Ok so this will be the first post of many. Keep in mind that this is a project in collaboration with a friend, so when I say "I", most of the time I mean "we".
This is a Texas Instruments TIL311. It takes a 4 bits (along with control lines + decimal points) and displays the data as it's hexadecimal representation. If you give it a 0000 it will display a 0 and 1111 will be an F. In addition to power and ground, the chip only uses 8 data lines (bits if you will) to function. This means that we only need a single byte to control the entire chip.
There are 22 LEDs under that red epoxy. In addition, there are 11 pins in a 14 pin DIP package. In order to take some binary data and display its representation in hex by turning on LEDs, we need a microcontroller. This is that square thing that is at the bottom of the chip (near row 35 on the breadboard). For simplicity's sake (or so I thought) we decided to multiplex the LEDs to use less pins on the microcontroller. So, our microcontroller needed to have 6 pins for data input (both the decimal points are independent of the control logic), and 11 output pins for the LED matrix (a 4X7 marix was used to make routing the board easier). Thats 17 pins to start, in addition we need 4 pins for programming (yes I could reuse the same pins but I decided not to) and 2 pins for an external oscillator. That's a total of 23 pins (plus VCC and GND).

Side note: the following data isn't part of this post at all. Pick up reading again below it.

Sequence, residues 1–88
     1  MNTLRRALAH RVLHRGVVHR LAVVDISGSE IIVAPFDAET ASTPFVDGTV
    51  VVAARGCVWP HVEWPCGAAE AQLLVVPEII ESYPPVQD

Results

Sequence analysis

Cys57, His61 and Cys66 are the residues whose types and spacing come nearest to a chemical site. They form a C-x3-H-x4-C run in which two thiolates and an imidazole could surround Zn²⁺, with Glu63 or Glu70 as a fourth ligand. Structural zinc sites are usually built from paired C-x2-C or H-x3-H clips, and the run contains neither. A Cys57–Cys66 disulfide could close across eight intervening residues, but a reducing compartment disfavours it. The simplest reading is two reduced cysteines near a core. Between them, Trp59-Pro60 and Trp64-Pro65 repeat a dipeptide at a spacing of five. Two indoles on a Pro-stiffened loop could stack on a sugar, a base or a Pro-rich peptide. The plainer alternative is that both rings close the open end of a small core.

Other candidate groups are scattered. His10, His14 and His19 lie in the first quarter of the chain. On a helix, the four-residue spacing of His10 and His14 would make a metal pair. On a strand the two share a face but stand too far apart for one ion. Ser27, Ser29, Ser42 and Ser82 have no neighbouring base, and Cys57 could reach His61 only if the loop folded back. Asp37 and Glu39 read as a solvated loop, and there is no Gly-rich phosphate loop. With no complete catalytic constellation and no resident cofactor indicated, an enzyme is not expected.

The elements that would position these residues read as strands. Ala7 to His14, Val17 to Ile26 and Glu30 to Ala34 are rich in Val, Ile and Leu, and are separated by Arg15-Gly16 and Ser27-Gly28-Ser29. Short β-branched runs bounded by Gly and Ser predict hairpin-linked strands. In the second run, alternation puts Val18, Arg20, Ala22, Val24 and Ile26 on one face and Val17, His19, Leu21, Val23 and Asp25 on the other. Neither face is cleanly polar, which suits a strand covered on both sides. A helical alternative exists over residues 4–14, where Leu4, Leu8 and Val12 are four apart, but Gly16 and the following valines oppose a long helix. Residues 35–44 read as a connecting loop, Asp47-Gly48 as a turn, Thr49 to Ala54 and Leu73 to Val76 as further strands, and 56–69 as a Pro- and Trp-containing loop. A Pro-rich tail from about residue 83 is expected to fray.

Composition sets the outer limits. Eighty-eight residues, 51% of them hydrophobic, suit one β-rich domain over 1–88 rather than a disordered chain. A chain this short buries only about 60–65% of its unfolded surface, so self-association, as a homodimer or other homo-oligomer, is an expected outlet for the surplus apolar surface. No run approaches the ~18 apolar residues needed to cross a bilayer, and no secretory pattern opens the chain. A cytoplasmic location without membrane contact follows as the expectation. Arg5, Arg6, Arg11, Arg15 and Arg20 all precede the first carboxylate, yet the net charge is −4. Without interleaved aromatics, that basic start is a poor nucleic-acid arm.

We decided to go with the ATMEGA328P for this application as it comes in a VQFN package, has a whole lot of documentation as it is the main processor used on arduino boards, and is relatively cheap (I will not be using the arduino bootloader but that will be a future topic). The LEDs will be a 0201 package and will be orange (because I don't want to wait for a 10 week lead time or pay an extra like 5 cents per). There will be 0201 resistors and a 3 pin 16mhz ceramic resonator (similar to what arduino nanos have).
The LEDs compared to a microSD card and 0.7mm pencil lead:
The resonator on a (knockoff) arduino nano:
All schematics, pcb designs, and everything else will be in the files section (I may just put them on github if I run out of space here)
After spending some time with the datasheets for the original TIL311 and the ATMEGA328P, I used Eagle to make a schematic and lay out all the components where I wanted them to be on the PCB. I then began the task of routing all the components according to the PCB manufacturer's specs. After 3 failed attempts to follow their specs (mainly because I am apparently an idiot that can't read) and about 2 weeks, I submitted the PCBs to be manufactured.
Failed PCB (I unrouted everything in hopes that I could salvage it but coudn't. sry that you dont get to see routes):
Failed PCB (tolerances too tight):
PCB that was accepted:
In the next post I will go over how we plan on programming this thing as well as some other useful stuff.